Over 4,000 years ago, God appeared to Abraham in Mesopotamia and said to him, “Get thee out of thy country, and from thy kindred, and from thy father’s house, unto a land that I will show thee. And I will make of thee a great nation.” Abraham obeyed the Lord and came into the promised land of Canaan where he lived along with his son Isaac and his grandson Jacob, who was later renamed “Israel.”
Israel and his 12 sons went down into Egypt because of a famine in the land of Canaan, and there they multiplied into a mighty nation. The Egyptians felt threatened by the powerful nation of Israel living among them, so they enslaved them and made their lives bitter with hard bondage. After 430 years in Egypt, they were lead out of bondage by Moses, then crossed the Red Sea and went into Arabia, where they received the law of God at Mount Sinai.
The generation of Israelites that left Egypt with Moses were not allowed to enter the promised land because of their lack of faith in the Lord. They were forced to wander in the wilderness for 40 years until a new generation rose up that trusted the Lord and entered the promised land with Joshua.
For about 400 years, the 12 tribes of Israel were ruled by the Judges according to the law of Moses. When they desired to have a king like all the other nations, God appointed Saul to be their king, who reigned over them for 40 years, followed by King David who reigned 40 years, and David’s son Solomon who reigned 40 years. During the reign of Solomon, the kingdom of Israel was at its most glorious, and the first temple was built, but because Solomon’s heart turned away from the Lord in his old age, God told him that 10 of the tribes would not be ruled by his son.
After the death of Solomon, the kingdom of Israel was divided, and the northern 10 tribes were ruled over by a series of wicked kings, who were not descended from David and Solomon. This Northern Kingdom retained the name of Israel and eventually had Samaria as its capital city. The smaller Southern Kingdom became known as Judah, had Jerusalem as its capital, and was reigned over by the descendants of David. Starting in 2 Kings 16, the people of the Southern Kingdom became known as “Jews” after the name of the kingdom of Judah.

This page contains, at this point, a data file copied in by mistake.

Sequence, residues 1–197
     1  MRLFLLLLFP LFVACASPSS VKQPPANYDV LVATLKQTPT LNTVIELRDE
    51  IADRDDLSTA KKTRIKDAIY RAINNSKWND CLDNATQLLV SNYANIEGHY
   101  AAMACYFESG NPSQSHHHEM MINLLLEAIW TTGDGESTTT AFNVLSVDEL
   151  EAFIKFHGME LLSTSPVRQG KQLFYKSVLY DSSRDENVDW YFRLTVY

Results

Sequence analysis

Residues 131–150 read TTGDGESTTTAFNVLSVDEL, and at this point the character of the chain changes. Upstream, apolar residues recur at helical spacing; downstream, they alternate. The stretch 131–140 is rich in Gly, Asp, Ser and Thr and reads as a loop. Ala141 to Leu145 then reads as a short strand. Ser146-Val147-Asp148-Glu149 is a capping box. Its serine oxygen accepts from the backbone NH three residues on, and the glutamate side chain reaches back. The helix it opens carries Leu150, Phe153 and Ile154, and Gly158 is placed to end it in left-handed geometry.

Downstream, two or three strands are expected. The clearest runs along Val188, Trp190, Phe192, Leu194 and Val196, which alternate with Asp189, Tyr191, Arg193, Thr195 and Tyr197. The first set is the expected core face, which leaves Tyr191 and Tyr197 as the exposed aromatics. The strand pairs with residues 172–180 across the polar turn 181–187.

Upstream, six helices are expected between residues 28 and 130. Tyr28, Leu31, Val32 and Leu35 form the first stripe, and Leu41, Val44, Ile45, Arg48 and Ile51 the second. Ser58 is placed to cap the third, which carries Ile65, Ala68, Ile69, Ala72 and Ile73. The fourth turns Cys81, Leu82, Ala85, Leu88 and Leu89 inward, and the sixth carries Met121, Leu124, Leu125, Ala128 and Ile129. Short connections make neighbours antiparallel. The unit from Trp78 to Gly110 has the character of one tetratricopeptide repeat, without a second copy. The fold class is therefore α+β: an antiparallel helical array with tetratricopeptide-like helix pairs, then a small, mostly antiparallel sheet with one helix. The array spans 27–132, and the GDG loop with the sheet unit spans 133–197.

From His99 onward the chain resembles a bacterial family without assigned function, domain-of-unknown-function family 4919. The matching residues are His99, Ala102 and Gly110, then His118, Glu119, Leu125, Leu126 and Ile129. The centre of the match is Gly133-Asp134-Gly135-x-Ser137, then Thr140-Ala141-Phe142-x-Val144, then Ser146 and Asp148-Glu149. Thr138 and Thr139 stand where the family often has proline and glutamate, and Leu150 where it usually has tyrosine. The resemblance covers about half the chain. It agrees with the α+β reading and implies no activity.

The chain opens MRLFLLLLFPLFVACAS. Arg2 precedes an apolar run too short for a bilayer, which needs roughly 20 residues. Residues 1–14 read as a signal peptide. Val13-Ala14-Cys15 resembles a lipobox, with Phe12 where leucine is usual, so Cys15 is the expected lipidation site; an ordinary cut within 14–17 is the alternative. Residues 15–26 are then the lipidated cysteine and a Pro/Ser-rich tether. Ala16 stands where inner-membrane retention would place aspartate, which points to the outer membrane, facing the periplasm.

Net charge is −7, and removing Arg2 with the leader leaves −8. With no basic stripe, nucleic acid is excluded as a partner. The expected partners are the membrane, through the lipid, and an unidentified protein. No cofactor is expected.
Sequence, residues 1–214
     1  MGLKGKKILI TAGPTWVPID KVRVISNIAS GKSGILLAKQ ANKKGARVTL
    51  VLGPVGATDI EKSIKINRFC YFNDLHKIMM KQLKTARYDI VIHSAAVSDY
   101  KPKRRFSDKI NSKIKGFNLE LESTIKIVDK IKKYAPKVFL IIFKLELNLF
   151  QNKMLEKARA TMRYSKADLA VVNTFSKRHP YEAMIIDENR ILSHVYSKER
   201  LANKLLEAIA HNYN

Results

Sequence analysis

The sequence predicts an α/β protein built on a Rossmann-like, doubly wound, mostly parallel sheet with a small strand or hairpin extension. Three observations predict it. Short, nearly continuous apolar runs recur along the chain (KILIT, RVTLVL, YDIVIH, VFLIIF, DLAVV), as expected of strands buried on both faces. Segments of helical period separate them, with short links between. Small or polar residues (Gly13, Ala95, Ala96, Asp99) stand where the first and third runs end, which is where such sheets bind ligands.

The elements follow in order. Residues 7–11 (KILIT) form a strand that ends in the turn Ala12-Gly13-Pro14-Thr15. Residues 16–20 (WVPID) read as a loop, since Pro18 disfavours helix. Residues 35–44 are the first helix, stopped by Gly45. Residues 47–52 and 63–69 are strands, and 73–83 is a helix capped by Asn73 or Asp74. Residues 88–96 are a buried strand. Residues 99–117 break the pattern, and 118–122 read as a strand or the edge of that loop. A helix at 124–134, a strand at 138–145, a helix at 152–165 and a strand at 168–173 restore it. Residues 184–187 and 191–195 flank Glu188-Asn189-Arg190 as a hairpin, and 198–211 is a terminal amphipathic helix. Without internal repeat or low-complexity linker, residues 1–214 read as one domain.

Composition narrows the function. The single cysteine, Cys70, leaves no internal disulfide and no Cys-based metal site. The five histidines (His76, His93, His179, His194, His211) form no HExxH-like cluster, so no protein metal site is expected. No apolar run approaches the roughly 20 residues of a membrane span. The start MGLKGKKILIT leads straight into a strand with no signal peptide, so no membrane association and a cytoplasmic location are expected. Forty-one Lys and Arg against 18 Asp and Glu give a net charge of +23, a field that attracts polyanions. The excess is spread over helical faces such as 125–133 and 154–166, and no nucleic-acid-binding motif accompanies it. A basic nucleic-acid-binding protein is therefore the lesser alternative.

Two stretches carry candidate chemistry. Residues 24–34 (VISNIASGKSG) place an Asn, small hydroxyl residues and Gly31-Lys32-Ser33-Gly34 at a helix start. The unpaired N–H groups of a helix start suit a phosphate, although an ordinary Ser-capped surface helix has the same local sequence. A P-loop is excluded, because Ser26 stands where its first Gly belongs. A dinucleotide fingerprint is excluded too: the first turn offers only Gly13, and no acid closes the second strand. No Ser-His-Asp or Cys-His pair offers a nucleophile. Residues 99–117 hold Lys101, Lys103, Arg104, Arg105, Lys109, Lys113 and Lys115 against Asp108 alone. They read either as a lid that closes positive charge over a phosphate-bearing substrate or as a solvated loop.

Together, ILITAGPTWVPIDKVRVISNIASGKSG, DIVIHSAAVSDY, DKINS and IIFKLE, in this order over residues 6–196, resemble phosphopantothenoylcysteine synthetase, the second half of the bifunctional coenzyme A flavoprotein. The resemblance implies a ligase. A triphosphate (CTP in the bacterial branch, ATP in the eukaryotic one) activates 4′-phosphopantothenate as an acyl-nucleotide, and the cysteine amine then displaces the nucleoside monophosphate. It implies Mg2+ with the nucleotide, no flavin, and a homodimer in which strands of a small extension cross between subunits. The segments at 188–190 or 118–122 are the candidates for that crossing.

Because of the wickedness of the Northern Kingdom of Israel, they were overthrown and taken captive by the Assyrians. The Israelites who remained became intermingled with the heathen nations who came in and occupied the land. These people would become known as the Samaritans, and the 10 tribes of Northern Israel would never be a nation again.
The Southern Kingdom of Judah would eventually be taken captive into Babylon as a punishment for serving other gods, and the temple would be destroyed, but after 70 years, the Jews returned to Judah, rebuilt the temple at Jerusalem, and continued to be ruled by kings descended from David.
At the time of Christ, the nation of Judah had become know as Judaea and was under Roman rule. Jesus Christ and his disciples preached the Gospel throughout Judaea seeking after the lost sheep of the house of Israel. After 3 and a half years of ministry, the Jews rejected Jesus as their Messiah and convinced the Roman governor to crucify him. 3 days later, he rose again from the dead and showed himself alive to his disciples before ascending up to the right hand of the Father in Heaven.
Shortly before Jesus was crucified, he prophesied that as a punishment for rejecting him, Jerusalem would be burned, the temple would be destroyed, and the Jews would be led away captive into all nations. This prophecy was fulfilled in A.D. 70 when future Roman emperor Titus conquered Jerusalem. For over 1800 years, the Jews remained scattered throughout all nations.
Then in 1948, the impossible happened. The State of Israel was founded, and the Jews once again possessed the promised land. Many Christians have proclaimed this to be a miracle and a blessing from God, but was this really the blessing of the Lord, or were darker forces at work? This film has the answer.